History of Cats in Russia [features of Different Cats in the World 2023]

The first cats were brought to Ancient Urartu and Olivia by traders and warriors in the 7th-6th centuries. BC, since these centers had significant, links with the Mediterranean. The Scythians also knew a domestic cat, but so far just one single skeleton has been unearthed in the mounds. In the V-VIII centuries. cats emerged on the shore of the Baltic Sea, and in the X-XIII centuries. established on the lands of ancient Russia, however, there were very few of them: in the Upper Volga region, only two out of two hundred kurgans of the 10th-11th centuries were found the bones of cats. It is remarkable that in Russia the purely economic qualities of a cat were the first to be appreciated by the clergy and put these creatures under the protection of church law.

How much did the cat cost? In “Metropolitan Justice”, a well-known legal code of the 14th century, we read that a fine was established for a stolen animal: 9 kuna was paid for a pigeon, 30 kuna for a duck, a crane and a goose, 40 kuna for a cow, and 30 kuna for a swan. for an ox, a dog and a cat – 3 hryvnia each (a hryvnia is an ingot of silver weighing 250 kg, a kuna is the 50th part of a hryvnia) (a hryvnia is an ingot of silver weighing 250 grams, a kuna is the 50th part of a hryvnia). This means that the price of a cat was comparable to an ox! Three hryvnia was a lot of money. Another document notes: “And whomever kills a dog or a cat is guilty of the hryvnia, and gives a dog instead of a cat, and a cat instead of a dog.” Earlier in the textual sources the cat is not mentioned. Probably until the fourteenth century. cats in Russia were not common.

Animals have always aided man. It is commonly known that cows offer milk, sheep supply wool, horses transport products, and cats have gained human praise for their abilities to hunt rodents. Conquistador Diego de Almago is credited with being the one who paid 600 coins of eight ducats for the first domestic cat to be imported to South America with the express purpose of catching mice. This transaction took place towards the tail end of the fifteenth century. In the 18th century, Frederick the Great, King of Prussia, issued an order mandating that all cities that were conquered by Prussia pay a tax on cats. The purpose of this levy was to deter rats from entering Prussia’s military stores.

After several centuries had passed, these creatures eventually became useful to humans again. They were a component of the Marshall Plan to assist in the reconstruction of Europe in the aftermath of World War II. The United States government dispatched hundreds of thousands of tons of grain to Europe in an effort to save the lives of those who were going hungry there. They took a strategy for controlling rodents that had been used successfully for centuries by the ancient Egyptians and sent 10,000 cats along with the grain to protect it from mice. The brave performance of the cats in doing their job made it possible for the Europeans to fortify their forces and launch the laborious task of reconstructing the continent after it had been devastated by war. In 1964, a widespread outbreak of Bolivian fevers ravaged the remote Andean community of San Joaquin, which was located high in the mountains. The wild mice in the area were infected with the Machupo virus, which led to the spread of the disease. As a result of a radio plea for assistance, hundreds of cats were airlifted to the Andes region, where they were eventually successful in putting an end to the epidemic.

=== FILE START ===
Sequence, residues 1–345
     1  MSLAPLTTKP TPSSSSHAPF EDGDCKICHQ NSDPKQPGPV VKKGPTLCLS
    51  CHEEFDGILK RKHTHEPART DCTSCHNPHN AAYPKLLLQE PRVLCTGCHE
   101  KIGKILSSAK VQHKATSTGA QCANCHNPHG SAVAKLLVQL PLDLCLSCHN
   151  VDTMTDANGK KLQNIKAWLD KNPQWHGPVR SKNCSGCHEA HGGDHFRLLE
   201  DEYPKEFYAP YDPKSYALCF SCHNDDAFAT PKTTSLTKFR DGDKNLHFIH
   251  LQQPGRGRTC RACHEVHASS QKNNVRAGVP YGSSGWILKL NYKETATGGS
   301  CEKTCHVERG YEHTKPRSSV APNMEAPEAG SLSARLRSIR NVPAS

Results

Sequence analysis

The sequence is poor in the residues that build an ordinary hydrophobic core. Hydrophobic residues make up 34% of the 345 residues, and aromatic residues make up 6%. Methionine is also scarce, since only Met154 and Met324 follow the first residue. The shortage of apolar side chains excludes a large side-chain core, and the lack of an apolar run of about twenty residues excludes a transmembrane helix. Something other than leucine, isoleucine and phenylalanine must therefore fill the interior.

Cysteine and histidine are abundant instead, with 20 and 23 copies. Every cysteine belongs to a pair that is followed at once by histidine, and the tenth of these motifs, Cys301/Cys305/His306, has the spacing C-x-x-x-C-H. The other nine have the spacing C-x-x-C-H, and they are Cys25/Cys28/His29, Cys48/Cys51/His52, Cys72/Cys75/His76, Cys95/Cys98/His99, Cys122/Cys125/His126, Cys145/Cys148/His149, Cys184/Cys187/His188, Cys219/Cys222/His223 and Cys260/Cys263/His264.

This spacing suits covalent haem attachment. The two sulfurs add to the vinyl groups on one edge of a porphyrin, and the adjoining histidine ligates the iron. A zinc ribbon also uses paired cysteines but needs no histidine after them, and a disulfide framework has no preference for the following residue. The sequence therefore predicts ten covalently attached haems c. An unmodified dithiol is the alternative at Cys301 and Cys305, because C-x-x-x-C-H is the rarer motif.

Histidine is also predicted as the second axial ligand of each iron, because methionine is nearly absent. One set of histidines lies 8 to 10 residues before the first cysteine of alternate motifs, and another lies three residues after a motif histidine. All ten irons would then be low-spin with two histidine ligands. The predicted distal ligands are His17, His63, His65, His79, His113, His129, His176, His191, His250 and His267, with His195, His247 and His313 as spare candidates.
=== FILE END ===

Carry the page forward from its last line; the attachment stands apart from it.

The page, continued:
The cat has undergone remarkably little change over the course of its evolution in terms of its anatomy, physiology, or appearance. Each breed of dog was developed by a human for a particular function, and breeders were chosen based on characteristics such as their size, level of aggression, or speed. The majority of the many breeds of cats emerged by chance as a consequence of genetic isolation in various far-flung regions of the world. People in Europe prior to the Victorian era did not place much importance on the concept of “breed” in relation to cats, despite the fact that these animals can vary in appearance, the length of their coats, and their personalities. During this time, travelers first started bringing cats back from distant lands. The domestic shorthaired cat is the ancestor of all other domesticated cat breeds in Europe. It is believed that Roman troops brought domesticated cats to Europe from the Middle East. The first Manx were brought over from Asia, Angora cats  from Turkey, Persian cats from Asia Minor, Siamese cats from the far east, and Abyssinian cats from Ethiopia. Siamese cats were brought over from Thailand. Cat owners began to show their feline companions to one another as representations of various varieties as the popularity of various breeds increased throughout time.

The Crystal Palace in London played host to the world’s first ever cat display in 1871. There are more than one hundred different breeds of cats that can be found in modern Europe and North America. However, despite their undeniable distinctions, all types of breeds are still variations of the same phenomenon: an animal that is astonishingly beautiful, rich in personality, and cherished by all domestic cats.

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